Five years later

I was at my desk in my NJ office on 9/11/2001. But the NYC office was very familiar to me. I had traveled there frequently over the 6 previous years. I was there the week before (visiting old work friends), and traveled in the same way I had for all those years. Amtrak Metroliner to Newark, jump on the PATH train to WTC. Walk from WTC down Broadway a block past Wall Street, pass the Merrill Lynch bull… to the office on the 24th floor of the NASDAQ building on Bridge and Pearl Streets. When I traveled there, I stayed at the Marriott (it was the Vista Hotel for many years) in the WTC complex.

The last time I traveled there, I had stayed for three days. I remember checking for email in my hotel room on the 22nd floor, looking out towards the Financial Center and the water just over West Side Highway, and thinking how beautiful and alive the city was. I was always excited to visit, if not to work, but to try a new restaurant, walk somewhere new. I was a country girl from NJ, lucky to work for a company that opened my eyes to every corner of the United States. Most of all, the shining apple of New York.

When I would leave the hotel in the mornings to walk to my office, I’d always stop to peer up the side of WTC buildings. It would make me dizzy every time, but somehow it was so stunning I could not take my eyes off of them. I especially loved visiting during the holidays… the smell of roasted chestnuts in the air, and shopping at the Century 21 store across the street.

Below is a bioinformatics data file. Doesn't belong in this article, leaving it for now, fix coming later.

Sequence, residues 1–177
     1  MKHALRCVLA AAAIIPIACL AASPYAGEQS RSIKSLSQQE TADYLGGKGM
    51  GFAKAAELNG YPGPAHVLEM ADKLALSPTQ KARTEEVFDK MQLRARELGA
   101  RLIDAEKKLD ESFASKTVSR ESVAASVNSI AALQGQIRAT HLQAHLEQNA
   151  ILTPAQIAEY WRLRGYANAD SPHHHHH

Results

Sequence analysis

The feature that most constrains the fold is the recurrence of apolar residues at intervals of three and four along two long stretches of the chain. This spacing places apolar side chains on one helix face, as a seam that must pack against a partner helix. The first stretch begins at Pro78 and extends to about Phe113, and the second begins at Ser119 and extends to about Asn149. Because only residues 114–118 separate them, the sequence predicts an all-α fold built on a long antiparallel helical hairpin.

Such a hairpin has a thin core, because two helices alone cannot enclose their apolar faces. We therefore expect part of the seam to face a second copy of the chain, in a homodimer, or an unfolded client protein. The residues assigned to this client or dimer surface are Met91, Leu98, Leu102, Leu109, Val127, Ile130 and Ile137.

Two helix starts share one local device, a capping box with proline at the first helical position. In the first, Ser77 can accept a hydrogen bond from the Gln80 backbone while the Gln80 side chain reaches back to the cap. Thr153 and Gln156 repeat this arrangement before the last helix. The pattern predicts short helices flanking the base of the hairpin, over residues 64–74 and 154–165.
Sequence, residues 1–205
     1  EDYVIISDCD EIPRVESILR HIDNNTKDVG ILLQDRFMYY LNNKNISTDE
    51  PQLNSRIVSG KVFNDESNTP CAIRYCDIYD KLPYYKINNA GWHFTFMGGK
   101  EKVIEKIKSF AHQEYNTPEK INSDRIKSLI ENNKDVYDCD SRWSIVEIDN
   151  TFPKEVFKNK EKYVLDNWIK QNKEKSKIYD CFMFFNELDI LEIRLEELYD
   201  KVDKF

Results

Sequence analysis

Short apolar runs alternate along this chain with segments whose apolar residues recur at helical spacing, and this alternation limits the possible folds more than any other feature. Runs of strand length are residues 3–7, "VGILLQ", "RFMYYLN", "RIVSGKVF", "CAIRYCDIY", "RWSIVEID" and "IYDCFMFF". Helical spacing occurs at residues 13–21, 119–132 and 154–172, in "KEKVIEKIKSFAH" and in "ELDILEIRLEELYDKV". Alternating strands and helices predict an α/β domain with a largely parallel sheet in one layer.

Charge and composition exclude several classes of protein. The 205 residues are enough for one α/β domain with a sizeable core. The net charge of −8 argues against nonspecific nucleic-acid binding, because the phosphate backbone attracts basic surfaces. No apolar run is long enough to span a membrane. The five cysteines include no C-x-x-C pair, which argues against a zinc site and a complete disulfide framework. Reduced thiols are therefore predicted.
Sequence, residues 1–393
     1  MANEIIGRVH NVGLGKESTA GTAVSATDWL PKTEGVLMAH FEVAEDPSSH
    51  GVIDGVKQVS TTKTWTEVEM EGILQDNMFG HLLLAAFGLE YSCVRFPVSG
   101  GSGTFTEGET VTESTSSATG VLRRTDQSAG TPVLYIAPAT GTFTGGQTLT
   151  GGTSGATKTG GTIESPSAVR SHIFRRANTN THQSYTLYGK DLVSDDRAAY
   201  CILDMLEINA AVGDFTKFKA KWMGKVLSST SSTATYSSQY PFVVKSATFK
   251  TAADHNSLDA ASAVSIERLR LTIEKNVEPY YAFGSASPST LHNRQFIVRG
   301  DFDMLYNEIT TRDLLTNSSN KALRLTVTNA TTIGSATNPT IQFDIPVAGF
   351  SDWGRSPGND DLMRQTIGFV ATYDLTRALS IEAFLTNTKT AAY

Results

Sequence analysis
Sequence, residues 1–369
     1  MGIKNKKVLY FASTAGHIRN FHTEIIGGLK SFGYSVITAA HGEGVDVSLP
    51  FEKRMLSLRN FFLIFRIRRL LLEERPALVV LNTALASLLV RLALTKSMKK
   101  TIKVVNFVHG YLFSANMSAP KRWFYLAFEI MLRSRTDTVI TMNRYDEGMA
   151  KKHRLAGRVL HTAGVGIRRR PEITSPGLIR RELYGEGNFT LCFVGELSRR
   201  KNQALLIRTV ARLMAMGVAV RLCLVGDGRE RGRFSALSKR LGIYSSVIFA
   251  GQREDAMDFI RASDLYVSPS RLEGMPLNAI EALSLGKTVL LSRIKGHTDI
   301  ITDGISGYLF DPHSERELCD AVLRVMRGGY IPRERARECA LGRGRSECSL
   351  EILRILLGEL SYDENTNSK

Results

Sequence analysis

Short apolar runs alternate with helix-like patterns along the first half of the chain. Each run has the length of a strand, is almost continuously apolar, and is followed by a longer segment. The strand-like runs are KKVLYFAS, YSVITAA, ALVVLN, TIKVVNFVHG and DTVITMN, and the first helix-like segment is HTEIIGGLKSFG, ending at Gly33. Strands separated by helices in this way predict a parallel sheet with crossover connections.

One of my last meals at WTC was at the restaurant on the top floor of WTC. I was there with a couple of coworkers having dinner. I was excited to be at the top, because for so many years I never had the opportunity to see the observation deck. It was awesome, and made me feel so small looking out at the city.

So, when that fateful day became ingrained in the memory of all Americans, I was at work watching my city fall. About 35 of us that were in the office that day gathered around the TV. Hearts in our mouths. Worried for our coworkers who were in our Wall St office, but also those in the WTC buildings at customer locations were we were doing consulting work. Work that day pretty much stopped, except for my company’s HR organization making the grand effort to account for all 30,000 US employees.

At the end of the day, we lost only one employee (on the plane that hit the Pentagon). All of our employees at WTC got out, and walked on foot all the way up to Midtown. Two were very good friends of mine. They “retired” three years ago from the IT business, I think that day played more into that decision than the rigors of travel and consulting work. Neither could bring themselves back to work there. I have many friends and family who have lost a family member that day.

As for me, I have been in NY, but have not been to the old stomping grounds. I changed roles shortly after 9/11 and no longer had a need to go there anymore. I’ve thought about going to see the site, but it seems that I would rather remember my city as I remember all of my visits… untarnished, and unblemished.
A prayer to all whom 9/11 has touched. Please take a moment today to think of the people who you love and those you have lost… and the people who will carry the memory of this day forever.

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